Jane Goodall, whose landmark studies of wild chimpanzees in what is today Tanzania revolutionized primate research and conservation efforts worldwide, will discuss threats facing chimpanzees and other environmental crises and her reasons for hope at 7 p.m. Friday, April 18, in Mayser Gymnasium at Franklin & Marshall College.
In a lecture titled "Sowing the Seeds of Hope," Goodall, a United Nations Messenger of Peace, will discuss international efforts to solve these challenges. The audience will be given the opportunity to ask questions after the talk, and Goodall will participate in a book signing.
"Jane is the world's preeminent wildlife biologist and conservation advocate," said Sarah Dawson, director of the Wohlsen Center for the Sustainable Environment and event organizer. "Her work with chimpanzees at the Gombe Stream National Park redefined what it meant to be human -- and put us in our place within the context of the greater web of life."
Goodall, who turned 80 on April 3, began her work with chimpanzees at Gombe in 1960, laying the foundation of future primatological research and conservation efforts that redefined the relationship between humans and animals. The Jane Goodall Institute, established in 1977, continues Goodall's pioneering research on chimpanzee behavior and is a global leader in the effort to protect chimpanzees and their habitats.
"Her messages of hope and peace let us aspire toward creating a better world for all living things -- human and nonhuman alike," Dawson said. "I hope that everyone who hears her leaves the talk feeling a sense of responsibility to the planet and the desire to contribute to making a sustainable society."
Goodall is known for her intimate approach, which began with calling the chimpanzees by name rather than assigning them numbers, and continued with unprecedented acceptance into chimpanzee colonies. That research was the basis for work about primate mother and infant relationships, including a recently published study led by F&M Assistant Professor of Psychology Elizabeth Lonsdorf. See Full Study.
During her visit to F&M, Goodall will meet with students, staff and faculty, including Lonsdorf, who met Goodall as a doctoral student while she was conducting research in Gombe for her dissertation. Lonsdorf worked under Anne Pusey, who Goodall selected as curator of her research data that was then housed at the University of Minnesota. At the time, Lonsdorf was studying tool-use development in wild baby chimps.
"Because I was working at Gombe and on Jane's data, I got to know Jane well," she said, noting that the two worked together on an IMAX film: "Jane Goodall's Wild Chimpanzees."
"The project we collaborated on recently gets back to some of Jane's original research motivations, looking at mother-infant relationships," Lonsdorf said. "She began that data set in 1974 and it continues to this day."
Lonsdorf approached Goodall about working with that data set about six years ago. Now, along with a colleague from George Washington University, Lonsdorf is designing and populating a database of those mother-infant behavioral records, which will allow her to understand infant primate behavioral development in more depth and detail than ever before.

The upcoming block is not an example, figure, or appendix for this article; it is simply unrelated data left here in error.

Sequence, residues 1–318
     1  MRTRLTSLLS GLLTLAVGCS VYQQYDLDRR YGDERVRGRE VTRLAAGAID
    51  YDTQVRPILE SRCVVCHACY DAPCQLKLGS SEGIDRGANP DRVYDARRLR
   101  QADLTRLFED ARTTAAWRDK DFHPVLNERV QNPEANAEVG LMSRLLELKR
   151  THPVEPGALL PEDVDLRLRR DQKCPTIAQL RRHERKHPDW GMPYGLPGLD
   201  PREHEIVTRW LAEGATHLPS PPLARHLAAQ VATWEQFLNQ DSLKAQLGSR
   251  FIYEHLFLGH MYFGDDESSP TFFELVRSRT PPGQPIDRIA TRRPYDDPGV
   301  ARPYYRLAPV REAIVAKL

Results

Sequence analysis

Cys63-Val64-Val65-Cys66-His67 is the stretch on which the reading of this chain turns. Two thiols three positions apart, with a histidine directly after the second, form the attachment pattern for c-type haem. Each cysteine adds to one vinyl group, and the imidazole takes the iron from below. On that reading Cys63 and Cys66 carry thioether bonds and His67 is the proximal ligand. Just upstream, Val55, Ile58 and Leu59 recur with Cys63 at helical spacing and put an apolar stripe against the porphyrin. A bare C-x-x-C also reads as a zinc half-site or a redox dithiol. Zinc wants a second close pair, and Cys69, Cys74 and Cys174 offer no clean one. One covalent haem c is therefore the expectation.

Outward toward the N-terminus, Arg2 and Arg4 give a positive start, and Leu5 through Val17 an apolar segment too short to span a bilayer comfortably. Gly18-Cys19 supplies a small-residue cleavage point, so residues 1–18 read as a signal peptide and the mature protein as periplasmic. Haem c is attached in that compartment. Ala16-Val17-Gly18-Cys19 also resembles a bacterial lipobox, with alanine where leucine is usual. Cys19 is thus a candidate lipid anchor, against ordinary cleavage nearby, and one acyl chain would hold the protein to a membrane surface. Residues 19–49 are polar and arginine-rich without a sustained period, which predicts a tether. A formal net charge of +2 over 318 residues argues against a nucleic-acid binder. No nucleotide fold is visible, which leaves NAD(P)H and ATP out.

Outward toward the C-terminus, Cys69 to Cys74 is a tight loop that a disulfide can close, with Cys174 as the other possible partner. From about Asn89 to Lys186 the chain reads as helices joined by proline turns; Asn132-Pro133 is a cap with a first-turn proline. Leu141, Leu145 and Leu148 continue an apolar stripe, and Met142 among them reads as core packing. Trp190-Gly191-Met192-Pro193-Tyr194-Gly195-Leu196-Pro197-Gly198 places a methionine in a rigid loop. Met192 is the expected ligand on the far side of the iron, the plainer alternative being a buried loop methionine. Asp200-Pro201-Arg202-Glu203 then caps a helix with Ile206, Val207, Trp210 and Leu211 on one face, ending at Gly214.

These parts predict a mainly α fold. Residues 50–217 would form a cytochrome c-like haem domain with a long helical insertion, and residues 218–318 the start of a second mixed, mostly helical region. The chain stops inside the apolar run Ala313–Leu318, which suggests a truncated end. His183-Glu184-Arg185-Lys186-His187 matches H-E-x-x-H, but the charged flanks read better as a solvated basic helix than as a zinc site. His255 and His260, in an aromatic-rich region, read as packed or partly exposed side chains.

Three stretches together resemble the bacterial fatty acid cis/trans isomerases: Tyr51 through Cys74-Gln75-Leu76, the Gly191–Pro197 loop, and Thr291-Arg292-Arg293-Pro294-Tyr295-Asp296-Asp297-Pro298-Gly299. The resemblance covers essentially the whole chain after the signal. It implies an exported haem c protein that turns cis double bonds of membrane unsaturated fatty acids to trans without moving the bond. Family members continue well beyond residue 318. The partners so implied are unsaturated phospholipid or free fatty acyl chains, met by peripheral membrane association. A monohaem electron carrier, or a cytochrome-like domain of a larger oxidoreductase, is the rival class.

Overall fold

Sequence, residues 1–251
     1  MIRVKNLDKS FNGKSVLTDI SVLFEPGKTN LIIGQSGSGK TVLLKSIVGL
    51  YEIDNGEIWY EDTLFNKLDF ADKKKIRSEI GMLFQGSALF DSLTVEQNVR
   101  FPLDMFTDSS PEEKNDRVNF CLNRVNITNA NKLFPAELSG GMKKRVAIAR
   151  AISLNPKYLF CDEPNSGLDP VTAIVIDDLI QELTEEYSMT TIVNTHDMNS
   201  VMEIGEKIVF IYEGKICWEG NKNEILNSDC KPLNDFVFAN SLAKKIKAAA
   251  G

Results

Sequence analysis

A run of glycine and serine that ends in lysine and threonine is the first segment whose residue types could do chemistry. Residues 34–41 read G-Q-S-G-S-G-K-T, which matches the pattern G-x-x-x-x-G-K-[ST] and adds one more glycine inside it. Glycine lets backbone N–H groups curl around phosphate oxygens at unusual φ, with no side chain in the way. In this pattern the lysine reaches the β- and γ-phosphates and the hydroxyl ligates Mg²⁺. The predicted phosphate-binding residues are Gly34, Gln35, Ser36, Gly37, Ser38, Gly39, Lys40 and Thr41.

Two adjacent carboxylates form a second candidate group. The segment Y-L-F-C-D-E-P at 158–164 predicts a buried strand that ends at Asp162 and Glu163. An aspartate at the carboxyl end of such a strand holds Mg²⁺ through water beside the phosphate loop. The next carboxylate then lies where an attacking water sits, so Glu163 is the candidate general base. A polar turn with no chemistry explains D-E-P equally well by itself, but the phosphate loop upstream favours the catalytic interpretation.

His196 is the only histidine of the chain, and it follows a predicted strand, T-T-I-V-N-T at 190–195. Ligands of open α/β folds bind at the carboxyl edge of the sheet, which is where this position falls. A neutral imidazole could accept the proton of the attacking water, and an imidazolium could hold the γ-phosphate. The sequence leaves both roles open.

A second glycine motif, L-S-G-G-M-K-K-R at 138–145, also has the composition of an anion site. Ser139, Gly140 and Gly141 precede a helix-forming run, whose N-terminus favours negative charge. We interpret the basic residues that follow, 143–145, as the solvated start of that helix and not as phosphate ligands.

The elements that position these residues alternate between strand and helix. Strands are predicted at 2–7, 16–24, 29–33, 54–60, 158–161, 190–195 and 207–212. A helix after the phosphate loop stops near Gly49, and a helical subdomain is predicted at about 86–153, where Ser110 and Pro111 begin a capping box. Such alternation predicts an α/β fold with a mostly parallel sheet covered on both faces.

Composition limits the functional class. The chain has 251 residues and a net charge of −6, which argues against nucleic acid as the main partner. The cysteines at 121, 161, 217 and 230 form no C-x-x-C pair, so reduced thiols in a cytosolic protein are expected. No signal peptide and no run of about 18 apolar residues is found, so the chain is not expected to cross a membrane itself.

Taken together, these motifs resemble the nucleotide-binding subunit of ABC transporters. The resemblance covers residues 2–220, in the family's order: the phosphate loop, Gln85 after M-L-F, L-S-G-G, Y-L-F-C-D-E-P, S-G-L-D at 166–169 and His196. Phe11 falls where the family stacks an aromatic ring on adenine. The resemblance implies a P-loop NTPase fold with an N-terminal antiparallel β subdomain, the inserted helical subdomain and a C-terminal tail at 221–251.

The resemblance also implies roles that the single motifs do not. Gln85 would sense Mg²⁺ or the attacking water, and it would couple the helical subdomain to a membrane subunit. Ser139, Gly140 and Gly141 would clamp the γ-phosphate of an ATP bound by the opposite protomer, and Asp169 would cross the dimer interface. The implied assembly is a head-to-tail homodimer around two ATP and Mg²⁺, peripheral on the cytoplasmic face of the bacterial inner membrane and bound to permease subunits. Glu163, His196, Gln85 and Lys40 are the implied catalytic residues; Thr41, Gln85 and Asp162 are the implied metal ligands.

"The research article is from that data set, looking at the very earliest social interaction between little boy chimps and little girl chimps and finding very big differences," Lonsdorf said. "Chimps are great models for this research because they don't have socially defined gender roles like humans do. Nobody is handing the girls dolls and the boys trucks at a very early age."
Goodall's research has paved the way for primate research that continues to evolve with new technologies, Lonsdorf said.
"A common misconception is that after 50 years of research at Gombe, there isn't anything left to know," Lonsdorf said. "But the questions consistently change and the new technologies allow us to answer new questions. We can now do genetic analysis from fecal matter, for example, to actually determine who the fathers are of the chimpanzees born at Gombe. Gombe continues to churn out consistent new discoveries."
Hearing Goodall speak about her work is an unusual and rewarding experience, Lonsdorf said.
"One of Jane's great gifts it talking about her research and the chimpanzees in a way that makes people feel that they know them," Lonsdorf said. "She was one of first field researchers to give animals names instead of numbers, and so she really treats them as individuals.
"For those who have not heard someone talk about wild animals in this manner, it provides a real sense of wonder about the natural world and a sense of astonishment for what this woman has accomplished. I hope that people leave this talk having thought about their place in the world and how they can make it better."
Today, the Goodall Institute is widely recognized for conservation and development programs in Africa, as well as for its global environmental and humanitarian youth program, Jane Goodall's Roots & Shoots, which Goodall founded with a group of Tanzanian students in 1991. Roots & Shoots serves hundreds of thousands of students in 130 countries.
Goodall now travels an average 300 days per year to speak about her research and conservation efforts. She has received numerous honors, including the French Legion of Honor, the Medal of Tanzania, and Japan's prestigious Kyoto Prize. In 2002, she was appointed to serve as a United Nations Messenger of Peace, and in 2003, she was named a Dame of the British Empire.
The event is free and open to the public but tickets are required. Tickets will be available through the Roschel Box Office for those with F&M identification from noon to 6 p.m. on April 9. The remaining tickets will be available to the general public from noon to 6 p.m. on Thursday, April 10. Individuals may get up to four tickets each at the Rochel Box Office or online. Books will be available for purchase after the event.